Books·Magic 8 Q&A

The question Molly Peacock wishes someone would ask

The author of The Analyst answers eight questions submitted by eight other authors.
Molly Peacock is the author of The Analyst. (Star Black)

In her compassionate new collection The Analyst, renowned poet Molly Peacock documents the recovery of her psychoanalyst, who turns to painting after surviving a serious stroke.

Below, Molly Peacock answers eight questions submitted by eight of her fellow writers in the CBC Books Magic 8 Q&A.

1. Sharon Butala asks, "What is the main question that you wish somebody would ask you, although nobody ever has?"

Here's the question I'd love to be asked: What is your wish for everyone in the world?

Here's my answer: My wish is that all of us in the world could lie down and contemplate our lives with a sympathetic witness just behind us. Just think how this would help our parents and our politicians! And my wish for writers is to discover that looking deep inside doesn't destroy the muse; it just makes writing more fearless — and wiser.

2. Riel Nason asks, "Do you have pets? Do they keep you company while you write?"

A diva of an 18-year-old calico cat named Emma presides over our bed. She can see into my study and when I have been at my desk too long, howls like an alarm for her treats.

3. Lorna Crozier asks, "If you could come back as a musician, what area of music would you choose, and are you secretly a songwriter, and if so, what is your song about?"

I would come back as a pianist and I would play classical pieces and jazz. I'm curious about what I would write, because it wouldn't involve words, just pure emotion. I'd make an emotional diary in notes.

4. David McGimpsey asks, "If a robot wrote beautiful poetry, should the robot be eligible to win the Governor General's Award?"

Only if the robot revelled in recognition and needed money. (It would help if the little robot decided to examine its life with a kind therapist.)

5. Karen Solie asks, "Do you remember who you were reading when you first realized, not that you wanted to be a writer, but that you were intrigued by writing and what it can do?"

I was rereading Frances Hodgson Burnett's The Secret Garden at the age of 12 and came across a description of a memory that rang like a bell across mountains. It was the first time I became conscious of a description that created a vision in my head.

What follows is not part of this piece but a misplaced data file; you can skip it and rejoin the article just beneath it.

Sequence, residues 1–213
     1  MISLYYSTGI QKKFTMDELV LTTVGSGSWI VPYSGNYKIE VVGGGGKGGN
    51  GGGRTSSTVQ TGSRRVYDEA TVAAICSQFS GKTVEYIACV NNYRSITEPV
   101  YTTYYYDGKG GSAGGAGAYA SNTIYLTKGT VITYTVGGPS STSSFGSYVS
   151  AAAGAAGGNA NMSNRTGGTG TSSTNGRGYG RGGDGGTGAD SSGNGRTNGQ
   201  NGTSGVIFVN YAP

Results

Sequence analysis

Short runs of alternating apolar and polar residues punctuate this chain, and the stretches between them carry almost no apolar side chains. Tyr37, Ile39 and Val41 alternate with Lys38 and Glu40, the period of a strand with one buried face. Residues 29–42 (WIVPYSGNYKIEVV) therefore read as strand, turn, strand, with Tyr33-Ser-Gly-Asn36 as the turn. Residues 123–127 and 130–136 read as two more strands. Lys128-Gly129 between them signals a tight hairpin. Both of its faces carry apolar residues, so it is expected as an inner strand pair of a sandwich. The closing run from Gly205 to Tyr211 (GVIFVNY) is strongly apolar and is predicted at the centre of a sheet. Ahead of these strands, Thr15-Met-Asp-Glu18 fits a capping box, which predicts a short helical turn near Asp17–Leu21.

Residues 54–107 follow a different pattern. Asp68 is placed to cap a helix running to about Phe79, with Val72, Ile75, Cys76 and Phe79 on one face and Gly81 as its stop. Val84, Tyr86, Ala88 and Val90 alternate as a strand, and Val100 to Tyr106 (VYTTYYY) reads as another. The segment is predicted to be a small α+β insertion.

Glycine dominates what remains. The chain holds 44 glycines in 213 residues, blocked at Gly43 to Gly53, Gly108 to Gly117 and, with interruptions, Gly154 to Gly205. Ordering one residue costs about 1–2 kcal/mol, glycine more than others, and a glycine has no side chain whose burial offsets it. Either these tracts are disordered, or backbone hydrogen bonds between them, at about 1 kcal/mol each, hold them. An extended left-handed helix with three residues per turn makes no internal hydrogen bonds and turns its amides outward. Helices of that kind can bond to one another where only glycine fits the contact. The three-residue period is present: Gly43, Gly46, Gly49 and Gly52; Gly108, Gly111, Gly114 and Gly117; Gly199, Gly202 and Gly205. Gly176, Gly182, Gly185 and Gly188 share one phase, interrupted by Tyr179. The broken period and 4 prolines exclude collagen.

6. Nazneen Sheikh asks, "Have you ever been frightened by what you write? How and why?"

Yes, sometimes I've terrified myself with the truth. As a young woman I re-read a poem that I wrote three painful years before. I realized that the poem had foretold my youthful divorce, even though I had not admitted that to myself consciously. Being frightened that my writing revealed truths that I had ignored prompted me to make an appointment with a psychotherapist. That appointment changed my life. And the process of therapy profoundly changed my writing.

7. Paul Yee asks, "Do you think writing is a talent that you're born with or is it a skill that can be learned?"

Writing is both a gift and a skill. The gift has to be discovered, often by an adult who appreciates the child writer's talent. (Let's hear it for teachers!) But the skill of writing can absolutely be taught. Let us not call technique a dirty word; all writers need their tools. (So let's hear it for writers as teachers.)

8. Tracey Lindberg asks, "What book is on your nightstand right now? How long has it been there?"

The Tale of Genji by Lady Murasaki has been at my bedside for 52 years. My boyfriend, who is now my husband, gave me the book for my 18th birthday. For our 25th wedding anniversary this year I am determined to finish it!


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